Meanwhile, as Sady Doyle has chronicled for Slate, Hillary’s reputation as a pandering fake is informed by 20 years of being skewered as either “bitchy, crazy, dangerous” or “cold, robotic, calculating” by critics on both the left and right. If she seems to try too hard, it’s because she does have to work harder to succeed.
Which brings us back to that nuclear critique of Bernie supporters: Some of them, sometimes, may just be a little bit sexist. Though there are some notable exceptions—Bernie has better eyeliner!—the meme overwhelmingly situates Bernie’s dominance in masculine subcultures and products: anime, Tony Hawk, Star Wars, Pokemon, PlayStation, gaming, first-person shooters. Hillary, meanwhile, doesn’t understand football (actually, she doesn’t know what any sports even are); confuses Star Trek with Star Wars; and is, of course, unfamiliar with dank memes themselves.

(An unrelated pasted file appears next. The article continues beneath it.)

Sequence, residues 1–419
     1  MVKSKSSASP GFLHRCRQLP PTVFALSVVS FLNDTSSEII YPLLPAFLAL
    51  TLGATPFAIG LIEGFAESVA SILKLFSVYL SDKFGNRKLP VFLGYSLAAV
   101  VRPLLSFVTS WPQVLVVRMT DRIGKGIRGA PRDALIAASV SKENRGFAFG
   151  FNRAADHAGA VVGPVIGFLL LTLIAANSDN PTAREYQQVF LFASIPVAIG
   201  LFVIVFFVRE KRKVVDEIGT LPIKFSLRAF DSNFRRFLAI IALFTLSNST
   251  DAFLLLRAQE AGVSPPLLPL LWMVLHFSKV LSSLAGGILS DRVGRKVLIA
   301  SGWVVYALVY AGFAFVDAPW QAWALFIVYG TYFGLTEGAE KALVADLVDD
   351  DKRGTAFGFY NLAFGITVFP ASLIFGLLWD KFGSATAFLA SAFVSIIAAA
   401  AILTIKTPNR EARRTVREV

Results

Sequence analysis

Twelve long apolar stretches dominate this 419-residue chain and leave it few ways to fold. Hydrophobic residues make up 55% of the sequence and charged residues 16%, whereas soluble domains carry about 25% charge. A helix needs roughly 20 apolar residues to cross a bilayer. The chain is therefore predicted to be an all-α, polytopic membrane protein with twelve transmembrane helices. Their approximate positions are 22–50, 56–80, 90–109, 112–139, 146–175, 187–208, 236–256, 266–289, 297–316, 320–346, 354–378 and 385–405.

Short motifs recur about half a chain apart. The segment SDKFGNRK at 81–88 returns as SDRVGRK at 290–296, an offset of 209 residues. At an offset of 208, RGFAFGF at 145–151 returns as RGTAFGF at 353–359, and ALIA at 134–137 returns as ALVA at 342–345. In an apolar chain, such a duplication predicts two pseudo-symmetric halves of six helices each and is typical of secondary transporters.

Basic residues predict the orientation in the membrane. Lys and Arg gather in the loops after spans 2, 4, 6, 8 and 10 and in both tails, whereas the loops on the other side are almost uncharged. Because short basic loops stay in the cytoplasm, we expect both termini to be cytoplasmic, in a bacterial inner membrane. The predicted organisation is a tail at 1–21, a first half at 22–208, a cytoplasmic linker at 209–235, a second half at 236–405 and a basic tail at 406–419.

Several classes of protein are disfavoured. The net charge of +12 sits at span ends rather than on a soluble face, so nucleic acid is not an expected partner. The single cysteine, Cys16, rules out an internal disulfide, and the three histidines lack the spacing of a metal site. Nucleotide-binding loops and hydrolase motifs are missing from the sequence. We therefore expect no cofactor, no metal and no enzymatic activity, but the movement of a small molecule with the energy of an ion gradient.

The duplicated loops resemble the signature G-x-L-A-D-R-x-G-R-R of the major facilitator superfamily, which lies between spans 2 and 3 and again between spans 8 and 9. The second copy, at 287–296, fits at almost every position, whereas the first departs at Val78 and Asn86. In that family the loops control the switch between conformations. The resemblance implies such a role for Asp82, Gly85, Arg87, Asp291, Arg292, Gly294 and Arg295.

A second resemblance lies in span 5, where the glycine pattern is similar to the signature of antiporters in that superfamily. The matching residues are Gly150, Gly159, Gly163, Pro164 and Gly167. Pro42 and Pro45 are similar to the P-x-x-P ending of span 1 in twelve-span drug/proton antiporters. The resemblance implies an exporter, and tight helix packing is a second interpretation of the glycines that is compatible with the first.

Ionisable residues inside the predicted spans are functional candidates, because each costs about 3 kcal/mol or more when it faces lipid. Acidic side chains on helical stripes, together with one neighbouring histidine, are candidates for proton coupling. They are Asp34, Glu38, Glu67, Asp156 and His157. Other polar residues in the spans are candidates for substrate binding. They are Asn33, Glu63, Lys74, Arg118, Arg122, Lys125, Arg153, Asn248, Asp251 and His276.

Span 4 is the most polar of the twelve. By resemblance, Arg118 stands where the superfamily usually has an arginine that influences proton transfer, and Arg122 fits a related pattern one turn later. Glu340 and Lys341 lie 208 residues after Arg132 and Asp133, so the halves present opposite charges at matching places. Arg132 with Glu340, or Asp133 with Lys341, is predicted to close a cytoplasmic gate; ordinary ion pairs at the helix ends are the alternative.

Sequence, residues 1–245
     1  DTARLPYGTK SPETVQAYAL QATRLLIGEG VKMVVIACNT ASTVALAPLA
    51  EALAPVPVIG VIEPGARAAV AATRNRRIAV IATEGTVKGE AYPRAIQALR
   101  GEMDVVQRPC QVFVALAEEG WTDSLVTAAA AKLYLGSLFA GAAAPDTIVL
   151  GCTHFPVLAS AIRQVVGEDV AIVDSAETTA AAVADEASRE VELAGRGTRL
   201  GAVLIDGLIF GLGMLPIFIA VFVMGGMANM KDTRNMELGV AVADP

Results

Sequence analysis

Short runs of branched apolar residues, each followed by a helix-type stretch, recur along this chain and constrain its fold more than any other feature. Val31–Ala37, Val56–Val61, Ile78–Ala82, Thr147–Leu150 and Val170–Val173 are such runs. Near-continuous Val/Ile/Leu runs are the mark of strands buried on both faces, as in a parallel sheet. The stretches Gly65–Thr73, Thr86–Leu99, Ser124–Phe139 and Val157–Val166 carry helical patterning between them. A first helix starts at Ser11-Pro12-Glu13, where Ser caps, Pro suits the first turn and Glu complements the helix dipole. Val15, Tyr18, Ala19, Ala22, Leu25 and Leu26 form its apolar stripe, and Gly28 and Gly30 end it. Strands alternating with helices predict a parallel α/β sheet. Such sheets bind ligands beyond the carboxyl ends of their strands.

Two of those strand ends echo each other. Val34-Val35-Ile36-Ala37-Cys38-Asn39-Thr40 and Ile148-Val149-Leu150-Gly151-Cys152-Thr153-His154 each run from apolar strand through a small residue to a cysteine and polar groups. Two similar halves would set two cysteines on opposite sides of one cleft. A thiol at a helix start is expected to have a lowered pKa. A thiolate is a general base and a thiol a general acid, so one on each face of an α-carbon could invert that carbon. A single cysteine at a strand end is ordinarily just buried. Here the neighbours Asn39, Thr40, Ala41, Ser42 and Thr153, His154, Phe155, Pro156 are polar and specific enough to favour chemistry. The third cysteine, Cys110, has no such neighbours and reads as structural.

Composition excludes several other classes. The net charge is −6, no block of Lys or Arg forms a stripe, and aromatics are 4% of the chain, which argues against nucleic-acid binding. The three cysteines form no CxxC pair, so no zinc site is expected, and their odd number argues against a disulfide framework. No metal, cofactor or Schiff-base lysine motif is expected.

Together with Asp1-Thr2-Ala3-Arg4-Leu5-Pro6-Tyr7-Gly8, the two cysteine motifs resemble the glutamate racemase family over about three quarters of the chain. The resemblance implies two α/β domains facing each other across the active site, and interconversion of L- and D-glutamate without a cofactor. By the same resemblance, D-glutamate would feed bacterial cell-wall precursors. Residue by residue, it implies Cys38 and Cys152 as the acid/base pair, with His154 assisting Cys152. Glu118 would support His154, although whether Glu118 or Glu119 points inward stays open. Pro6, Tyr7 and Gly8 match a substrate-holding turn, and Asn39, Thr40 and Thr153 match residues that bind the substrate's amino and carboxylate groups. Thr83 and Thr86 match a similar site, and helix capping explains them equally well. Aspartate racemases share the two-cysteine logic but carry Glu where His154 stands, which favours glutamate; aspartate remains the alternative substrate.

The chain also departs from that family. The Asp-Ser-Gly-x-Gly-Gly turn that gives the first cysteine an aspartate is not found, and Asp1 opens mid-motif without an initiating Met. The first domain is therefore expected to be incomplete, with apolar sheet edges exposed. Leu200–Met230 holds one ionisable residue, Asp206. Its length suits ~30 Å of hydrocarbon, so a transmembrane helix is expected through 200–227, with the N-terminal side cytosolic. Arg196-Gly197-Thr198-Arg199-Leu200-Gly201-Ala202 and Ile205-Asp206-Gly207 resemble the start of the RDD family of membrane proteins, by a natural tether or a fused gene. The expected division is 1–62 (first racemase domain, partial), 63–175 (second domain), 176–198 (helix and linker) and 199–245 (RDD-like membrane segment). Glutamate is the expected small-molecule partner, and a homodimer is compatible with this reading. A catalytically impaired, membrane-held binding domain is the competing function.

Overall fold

As Houston Press writer Jef Rouner points out, the Bernie vs. Hillary meme looks an awful lot like the old “Idiot Nerd Girl” meme, which posited that “women are interested in traditional nerdy things like Star Wars or video games simply because they are now trendy, and that their interest is superficial.” So similar are the two memes that they can make the exact same joke, and it works both ways.
The Bernie vs. Hillary memes “are just the latest expression of this idea, utilizing arguably the most famous woman in America right now as its sexist punch line,” Rouner argues. “Don’t think for a second the jokes in these memes have nothing to do with the fact that a woman is in serious contention for a job that has always been held by a man.”
It doesn’t help that one popular strain of the meme sounds just like a rewarmed Fox News talking point from 2008. “When Barack Obama speaks, men hear, ‘Take off for the future!’ ” Marc Rudov said on the network after Obama’s Iowa win in 2008. “When Hillary Clinton speaks, men hear, ‘Take out the garbage!’ ”